5. Finally – for now at least – there is consequently a changing understanding of the role of the lecturer, within the larger recomposition of class and production (including the HE sector) under austerity. Particularly with the devaluation of teaching in the new HE economy, academic work is becoming less and less about the provision of a specialist service; increasingly it is about the performance of abstract labour. However, because of the pressures described above, as well as the increasing competition around research, this affects different disciplines differently, as well as affecting staff differently within departments. The desperation of the expanding reserve army of academic labour, as well as the emergence of private HE enterprises, compounds this situation.
There is a lot more to write, here, but for now I want to end on this question: has the UCU approach to this emerging struggle engaged any of these broader problems? To be fair, UCU has engaged in a broader (if not broad) critique of austerity, even if it is not entirely clear on what ‘austerity’ might mean. At some institutions connections have been tentatively made between reductions to lecturers’ pay packets and the problems faced by indebted students, intensely exploited non-academic staff, zero-hour contracts and so on (marred obviously by its dove-tailing with the Labour Party line). Less interestingly, they’ve attempted to generate populist resentment about the remuneration of management. Still, the answer is clearly no: UCU have basically fought this as pay dispute. That is to say, they have fought this in the most short-sighted, timid and conservative manner possible.
So, is it any surprise that UCU are now offering this pseudo-ballot, framed by text underscoring how ‘full’ and ‘final’ it is? (The Lancaster branch actually included this line twice, and in bold.) Is it any wonder that the UCU exec is jumping at this exit-strategy with astounded relief? Of course, the ballot offers the possibility of UCU members refusing the pay offer. But, beyond UCU’s obvious preference for capitulation, the way this dispute has been fought – from its timidity to its populist moralism to its general failure to build clear alliances between different groupings of staff and with students – signals clearly to the membership that it is in their interest to vote ‘yes’. The ballot, then, is merely a face-saving exercise – one that allows UCU to walk away with its authority and legitimacy just about intact.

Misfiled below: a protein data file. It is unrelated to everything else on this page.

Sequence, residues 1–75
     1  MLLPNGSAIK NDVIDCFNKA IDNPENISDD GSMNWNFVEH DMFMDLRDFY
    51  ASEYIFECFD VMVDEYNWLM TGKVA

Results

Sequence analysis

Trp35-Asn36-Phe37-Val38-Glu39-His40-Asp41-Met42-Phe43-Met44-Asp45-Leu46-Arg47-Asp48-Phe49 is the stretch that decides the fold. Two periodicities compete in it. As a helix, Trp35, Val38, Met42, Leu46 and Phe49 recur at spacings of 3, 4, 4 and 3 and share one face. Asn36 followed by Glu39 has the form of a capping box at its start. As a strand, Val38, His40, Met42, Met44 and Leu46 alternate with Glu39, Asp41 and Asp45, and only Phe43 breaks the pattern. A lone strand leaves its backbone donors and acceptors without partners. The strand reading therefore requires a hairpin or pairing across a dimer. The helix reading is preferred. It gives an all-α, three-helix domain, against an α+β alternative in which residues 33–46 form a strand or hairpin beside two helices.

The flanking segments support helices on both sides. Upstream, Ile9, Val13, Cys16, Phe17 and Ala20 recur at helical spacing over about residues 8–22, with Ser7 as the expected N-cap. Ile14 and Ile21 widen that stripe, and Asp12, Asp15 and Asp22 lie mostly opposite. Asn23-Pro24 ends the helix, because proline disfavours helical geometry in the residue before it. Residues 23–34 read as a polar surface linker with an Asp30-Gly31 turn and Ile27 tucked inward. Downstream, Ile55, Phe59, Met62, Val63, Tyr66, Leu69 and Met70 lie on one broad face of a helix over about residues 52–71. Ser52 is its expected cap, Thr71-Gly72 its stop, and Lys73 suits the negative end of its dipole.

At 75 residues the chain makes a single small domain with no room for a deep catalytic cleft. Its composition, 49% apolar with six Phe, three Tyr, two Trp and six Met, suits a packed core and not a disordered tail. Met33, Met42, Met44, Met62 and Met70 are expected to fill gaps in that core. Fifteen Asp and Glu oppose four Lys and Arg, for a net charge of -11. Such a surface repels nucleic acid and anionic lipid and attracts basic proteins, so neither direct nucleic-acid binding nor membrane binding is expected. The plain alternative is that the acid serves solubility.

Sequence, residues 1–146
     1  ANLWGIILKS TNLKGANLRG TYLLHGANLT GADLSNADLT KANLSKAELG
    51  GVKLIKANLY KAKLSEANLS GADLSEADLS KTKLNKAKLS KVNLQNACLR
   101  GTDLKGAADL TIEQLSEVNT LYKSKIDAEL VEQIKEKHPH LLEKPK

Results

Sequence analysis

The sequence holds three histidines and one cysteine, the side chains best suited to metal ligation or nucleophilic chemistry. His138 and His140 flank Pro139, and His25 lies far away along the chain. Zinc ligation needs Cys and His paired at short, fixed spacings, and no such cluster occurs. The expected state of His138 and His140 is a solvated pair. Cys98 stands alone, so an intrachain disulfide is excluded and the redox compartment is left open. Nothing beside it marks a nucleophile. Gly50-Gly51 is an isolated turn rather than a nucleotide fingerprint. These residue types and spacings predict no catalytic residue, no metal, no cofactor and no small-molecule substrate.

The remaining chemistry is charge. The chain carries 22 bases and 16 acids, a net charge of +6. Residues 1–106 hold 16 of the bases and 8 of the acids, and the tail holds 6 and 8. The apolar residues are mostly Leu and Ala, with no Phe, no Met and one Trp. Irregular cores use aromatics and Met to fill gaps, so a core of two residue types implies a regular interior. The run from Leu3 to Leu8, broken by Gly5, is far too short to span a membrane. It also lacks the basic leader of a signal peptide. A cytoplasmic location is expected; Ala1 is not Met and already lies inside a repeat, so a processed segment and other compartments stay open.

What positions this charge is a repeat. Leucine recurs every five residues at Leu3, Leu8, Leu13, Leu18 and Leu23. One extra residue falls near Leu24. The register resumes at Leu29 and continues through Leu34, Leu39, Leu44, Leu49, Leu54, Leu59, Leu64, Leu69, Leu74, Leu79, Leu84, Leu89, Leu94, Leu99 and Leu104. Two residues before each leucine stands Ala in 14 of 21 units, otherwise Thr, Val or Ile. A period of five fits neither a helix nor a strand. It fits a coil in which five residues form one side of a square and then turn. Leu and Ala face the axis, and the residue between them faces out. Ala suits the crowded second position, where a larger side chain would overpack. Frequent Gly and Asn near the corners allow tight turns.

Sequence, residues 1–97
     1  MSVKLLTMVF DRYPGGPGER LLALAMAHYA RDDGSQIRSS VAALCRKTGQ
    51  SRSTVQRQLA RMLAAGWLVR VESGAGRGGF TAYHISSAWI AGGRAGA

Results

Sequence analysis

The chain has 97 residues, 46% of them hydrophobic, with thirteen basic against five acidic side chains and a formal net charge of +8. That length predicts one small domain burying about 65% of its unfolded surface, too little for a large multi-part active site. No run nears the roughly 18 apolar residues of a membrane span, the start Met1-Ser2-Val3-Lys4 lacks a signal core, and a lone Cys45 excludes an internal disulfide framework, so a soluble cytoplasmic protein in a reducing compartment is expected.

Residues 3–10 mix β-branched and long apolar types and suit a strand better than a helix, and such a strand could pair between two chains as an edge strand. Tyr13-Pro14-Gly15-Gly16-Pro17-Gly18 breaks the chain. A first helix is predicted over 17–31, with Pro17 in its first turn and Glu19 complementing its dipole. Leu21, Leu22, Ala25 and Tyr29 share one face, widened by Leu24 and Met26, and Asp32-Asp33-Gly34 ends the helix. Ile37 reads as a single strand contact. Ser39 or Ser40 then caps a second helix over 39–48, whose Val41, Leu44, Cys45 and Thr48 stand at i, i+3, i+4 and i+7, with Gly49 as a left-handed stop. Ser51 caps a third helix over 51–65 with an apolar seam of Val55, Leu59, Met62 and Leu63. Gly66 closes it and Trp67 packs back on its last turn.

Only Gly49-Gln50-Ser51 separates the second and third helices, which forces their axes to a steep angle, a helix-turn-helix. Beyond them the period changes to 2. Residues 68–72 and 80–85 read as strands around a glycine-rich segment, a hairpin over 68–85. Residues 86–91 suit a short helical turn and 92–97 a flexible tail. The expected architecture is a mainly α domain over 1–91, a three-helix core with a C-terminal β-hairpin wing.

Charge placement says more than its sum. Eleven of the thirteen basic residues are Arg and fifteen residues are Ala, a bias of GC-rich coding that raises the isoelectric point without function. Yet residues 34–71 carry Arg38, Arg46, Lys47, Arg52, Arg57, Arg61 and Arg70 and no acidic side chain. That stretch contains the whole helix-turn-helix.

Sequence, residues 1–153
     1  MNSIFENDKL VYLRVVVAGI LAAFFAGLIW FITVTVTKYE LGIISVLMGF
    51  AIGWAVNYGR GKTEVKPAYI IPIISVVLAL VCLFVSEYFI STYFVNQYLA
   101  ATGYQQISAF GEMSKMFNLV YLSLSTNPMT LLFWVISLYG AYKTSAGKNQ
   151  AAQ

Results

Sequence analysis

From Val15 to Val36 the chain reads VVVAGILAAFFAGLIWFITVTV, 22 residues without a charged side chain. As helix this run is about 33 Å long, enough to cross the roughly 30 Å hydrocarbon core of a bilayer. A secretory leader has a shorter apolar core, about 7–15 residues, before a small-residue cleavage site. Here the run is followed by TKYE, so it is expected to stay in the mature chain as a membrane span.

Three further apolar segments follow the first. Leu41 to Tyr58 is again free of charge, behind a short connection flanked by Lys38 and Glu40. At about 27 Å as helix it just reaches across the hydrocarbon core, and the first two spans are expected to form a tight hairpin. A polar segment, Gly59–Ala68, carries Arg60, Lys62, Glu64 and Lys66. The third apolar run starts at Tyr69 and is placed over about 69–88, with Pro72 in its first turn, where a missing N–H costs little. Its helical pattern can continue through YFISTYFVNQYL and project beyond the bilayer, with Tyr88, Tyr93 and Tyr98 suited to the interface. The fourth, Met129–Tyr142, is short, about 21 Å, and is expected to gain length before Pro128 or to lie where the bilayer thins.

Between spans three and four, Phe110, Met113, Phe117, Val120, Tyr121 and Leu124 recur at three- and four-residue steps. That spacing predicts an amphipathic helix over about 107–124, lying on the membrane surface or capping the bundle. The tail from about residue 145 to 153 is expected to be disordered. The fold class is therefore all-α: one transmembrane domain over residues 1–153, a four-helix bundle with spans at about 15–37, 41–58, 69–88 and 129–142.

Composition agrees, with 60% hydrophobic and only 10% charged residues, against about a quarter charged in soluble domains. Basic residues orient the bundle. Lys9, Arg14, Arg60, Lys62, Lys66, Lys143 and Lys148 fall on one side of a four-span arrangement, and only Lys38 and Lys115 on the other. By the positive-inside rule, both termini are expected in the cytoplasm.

For the real problem UCU faces, right now, surely, is a revolt by the membership. And I don’t mean, here, that its membership is more militant than the leadership. On the contrary: that many must be wondering now why they agreed to strike, when it has resulted only in them losing pay and in a damaged relationship with their students. All of this is to say, having acceded to the pay-cut represented by the pay offer – having lost this fight – building future strike campaigns is going to be more difficult than ever. HE management is thus reaping a double reward here.
So, of course I voted ‘No’ to the pay deal. Firstly, because I’m not a tenured lecturer, but a precarious, under-employed teaching assistant, and this pay-deal represents fuck all for me. I’m screwed either way. Secondly, for the reasons above. Third, because I hate to capitulate. Finally, for the lingering idiocy that goes by the name of ‘hope’: the hope that my ‘no’ vote will meet with the paper voices of all the other mad bad dangerous discontents, and in the ensuing chaos we’ll guillotine a few heads.